Monday, 9 January 2012

She's Leaving Home

The aim of this exercise was to design a brand image for the stationery of a housing association set up to help first time buyers get onto the property ladder. It needed to be modern, welcoming and reproducible in papers, magazines and across all stationery used by the organisation.

I started by researching some local housing associations. As with the logo exercise, I was surprised at the simplicity of the designs - and the related importance of communicating quickly a brand image to the potential customer/audience.

I started to work on some possible designs which I sketched out and have included below. I started by playing around with the capitals, creating symbols out of the shapes of the letters, etc.

I had come up with a horseshoe for the C, two chairs for the H and a house for the A. I showed these early sketchings to a few friends and the consensus was that it was too busy and that I should work on one of these. I felt that the house was the most relevant and started to look at how I could fit this into the overall design. It was only with some more messing around that I realised the capital H fitted into the A making a house shape and a ladder up to it - a visual metaphor the step onto the housing ladder.

After further jottings I came up with the design below:

I decided to compare the layout with some other alternatives just to make sure before resolving to go with the third of the three designs below. In practice I would provide the three as options to the person commissioning the work.

The next stage was to think about colours I wanted to use. I went back to the part of the course on colours to see what sort of colours would be appropriate. I wanted to go with a modern yet homely feel and decided that a green brown-red combination worked well together. The green was fresh and therefore worked well with the word 'chance'. The red-brown for 'housing association' provided warmth and reassurance - important for a housing association. I decided to bring out the logo in black as this worked well with the other two colours.

I tried a few typefaces and settled on Century Gothic which gave it a crisp, modern readable look which I felt would appeal to the target audience. The overall look still seemed to be missing something. I decided a yellow circle as a sun would balance the logo nicely - it adds an optimistic note and balances the composition. I went back and looked at the examples of other housing associations and decided to add the final touch - a tag line underneath explaining what the organisation did. I settled on Century Gothic, but this time in bold lowercase - partly to contrast it with the rest of the logo, but also to bring out the black of the house-ladder logo.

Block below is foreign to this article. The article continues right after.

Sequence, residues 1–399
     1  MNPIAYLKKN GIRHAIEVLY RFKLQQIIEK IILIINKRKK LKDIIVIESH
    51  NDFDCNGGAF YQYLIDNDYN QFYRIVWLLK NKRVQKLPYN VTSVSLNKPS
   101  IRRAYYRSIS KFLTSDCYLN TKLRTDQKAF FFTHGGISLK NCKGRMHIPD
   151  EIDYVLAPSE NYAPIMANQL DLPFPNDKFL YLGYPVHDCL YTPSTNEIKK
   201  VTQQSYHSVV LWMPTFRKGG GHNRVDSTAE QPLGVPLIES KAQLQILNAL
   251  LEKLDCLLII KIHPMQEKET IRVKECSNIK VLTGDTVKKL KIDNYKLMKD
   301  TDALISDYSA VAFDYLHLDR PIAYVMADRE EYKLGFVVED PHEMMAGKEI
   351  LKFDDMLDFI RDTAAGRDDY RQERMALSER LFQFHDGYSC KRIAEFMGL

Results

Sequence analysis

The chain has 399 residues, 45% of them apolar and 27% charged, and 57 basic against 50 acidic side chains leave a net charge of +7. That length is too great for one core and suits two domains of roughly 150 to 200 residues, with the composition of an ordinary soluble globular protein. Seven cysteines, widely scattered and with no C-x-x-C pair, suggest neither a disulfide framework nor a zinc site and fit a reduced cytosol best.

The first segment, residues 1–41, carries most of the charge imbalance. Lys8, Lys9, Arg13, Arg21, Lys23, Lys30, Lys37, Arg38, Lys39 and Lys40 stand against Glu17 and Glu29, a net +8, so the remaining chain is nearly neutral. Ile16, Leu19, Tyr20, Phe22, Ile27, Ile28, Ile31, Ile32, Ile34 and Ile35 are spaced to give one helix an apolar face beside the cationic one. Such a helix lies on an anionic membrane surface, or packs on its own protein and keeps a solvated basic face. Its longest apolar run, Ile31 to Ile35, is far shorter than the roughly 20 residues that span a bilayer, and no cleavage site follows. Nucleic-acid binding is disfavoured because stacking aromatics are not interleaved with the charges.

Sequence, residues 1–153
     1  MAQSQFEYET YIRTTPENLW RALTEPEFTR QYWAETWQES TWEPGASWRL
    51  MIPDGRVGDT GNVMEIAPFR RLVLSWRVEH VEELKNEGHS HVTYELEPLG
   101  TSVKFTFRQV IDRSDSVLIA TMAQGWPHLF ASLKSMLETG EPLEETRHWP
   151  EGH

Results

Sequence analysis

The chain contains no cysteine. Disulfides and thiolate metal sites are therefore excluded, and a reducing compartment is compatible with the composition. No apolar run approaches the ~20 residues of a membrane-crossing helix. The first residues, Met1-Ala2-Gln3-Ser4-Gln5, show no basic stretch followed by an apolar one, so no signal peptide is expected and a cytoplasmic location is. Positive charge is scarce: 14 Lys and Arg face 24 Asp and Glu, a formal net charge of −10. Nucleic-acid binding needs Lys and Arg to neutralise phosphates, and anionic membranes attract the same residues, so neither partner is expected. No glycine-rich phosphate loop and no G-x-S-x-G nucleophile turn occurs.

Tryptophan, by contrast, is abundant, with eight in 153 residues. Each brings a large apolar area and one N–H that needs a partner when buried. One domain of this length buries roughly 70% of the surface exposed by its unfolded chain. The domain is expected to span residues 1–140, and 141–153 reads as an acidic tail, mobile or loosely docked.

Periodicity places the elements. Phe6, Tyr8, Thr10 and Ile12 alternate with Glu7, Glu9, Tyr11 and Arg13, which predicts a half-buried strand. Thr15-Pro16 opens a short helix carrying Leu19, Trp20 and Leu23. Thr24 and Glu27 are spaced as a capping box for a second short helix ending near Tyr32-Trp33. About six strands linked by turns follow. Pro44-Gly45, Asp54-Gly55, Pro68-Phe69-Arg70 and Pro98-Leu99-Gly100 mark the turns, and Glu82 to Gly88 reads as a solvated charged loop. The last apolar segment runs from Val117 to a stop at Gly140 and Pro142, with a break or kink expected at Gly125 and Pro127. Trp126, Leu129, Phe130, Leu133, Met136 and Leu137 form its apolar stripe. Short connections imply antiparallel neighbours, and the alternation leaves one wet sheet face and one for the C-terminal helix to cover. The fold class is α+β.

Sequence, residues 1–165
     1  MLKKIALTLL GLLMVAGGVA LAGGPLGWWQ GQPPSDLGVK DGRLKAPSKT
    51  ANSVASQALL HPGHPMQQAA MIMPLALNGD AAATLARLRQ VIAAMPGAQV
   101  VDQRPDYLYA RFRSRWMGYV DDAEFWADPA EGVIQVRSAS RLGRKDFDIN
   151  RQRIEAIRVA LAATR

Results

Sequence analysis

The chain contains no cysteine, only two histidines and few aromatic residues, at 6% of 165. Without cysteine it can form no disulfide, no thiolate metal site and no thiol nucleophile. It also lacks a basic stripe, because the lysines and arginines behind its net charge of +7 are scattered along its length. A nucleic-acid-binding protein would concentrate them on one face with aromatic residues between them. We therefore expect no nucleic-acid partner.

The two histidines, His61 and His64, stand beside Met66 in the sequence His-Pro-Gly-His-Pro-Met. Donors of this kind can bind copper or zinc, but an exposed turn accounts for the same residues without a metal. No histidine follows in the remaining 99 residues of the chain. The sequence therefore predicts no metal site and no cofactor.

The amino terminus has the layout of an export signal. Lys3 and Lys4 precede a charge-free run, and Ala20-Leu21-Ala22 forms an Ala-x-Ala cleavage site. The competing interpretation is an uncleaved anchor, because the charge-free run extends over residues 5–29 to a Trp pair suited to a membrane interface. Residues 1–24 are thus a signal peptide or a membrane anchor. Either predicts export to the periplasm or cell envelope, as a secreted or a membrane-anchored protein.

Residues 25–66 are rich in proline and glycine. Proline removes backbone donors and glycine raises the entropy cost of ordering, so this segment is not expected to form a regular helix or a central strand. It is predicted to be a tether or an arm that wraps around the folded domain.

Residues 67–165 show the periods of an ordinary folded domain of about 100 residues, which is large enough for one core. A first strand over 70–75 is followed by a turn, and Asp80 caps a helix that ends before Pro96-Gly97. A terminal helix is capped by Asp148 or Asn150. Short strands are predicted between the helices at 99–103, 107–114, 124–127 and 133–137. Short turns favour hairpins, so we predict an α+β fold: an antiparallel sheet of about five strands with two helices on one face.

I then started to design the letter head. To reinforce a house style I used Century Gothic (Regular) for the address and used green. I then sandwiched this with bold lowercase black for the website address. I feel this gives the letterhead as a whole a nice balance a contrasts especially effectively with the sun. At the bottom of the letter I used the brown-red as the dividing line and small print, sandwiching contacts details in black in between - again all in Century Gothic Bold.

Although I'd almost finished I still felt I'd underplayed the key house-ladder logo and so used this again very faintly on the paper itself. I printed this off and was relieved to see that it did not obscure the other aspects of the letter head.

Designing the business card, it was important to maintain uniformity. I kept the logo the same and went for a similar balance of colours, although I did have limit the rest of the card to green and black to avoid the business card becoming too busy and looking unprofessional. I retained the feint logo in the background and, overall, am pleased with the result.   

For the newspaper advert I was pleased how easily the original design transferred into a different format. The only change I had to make was to use Arial as the body of text, but was pleased how well this sans typeface worked with Century Gothic. For the advert, I used mainly black and, because I'd picked the shades of green and red-brown with reproduction in mind I was happy with the effect photocopying it onto cheap paper had. Although the sun lost its colour I was stil surprised how it still worked in balancing the composition of the logo.

Overall I'm really pleased how this exercise went. I'm glad I went with a fairly simple logo design and felt that this enabled me to adapt it easily for the various formats.

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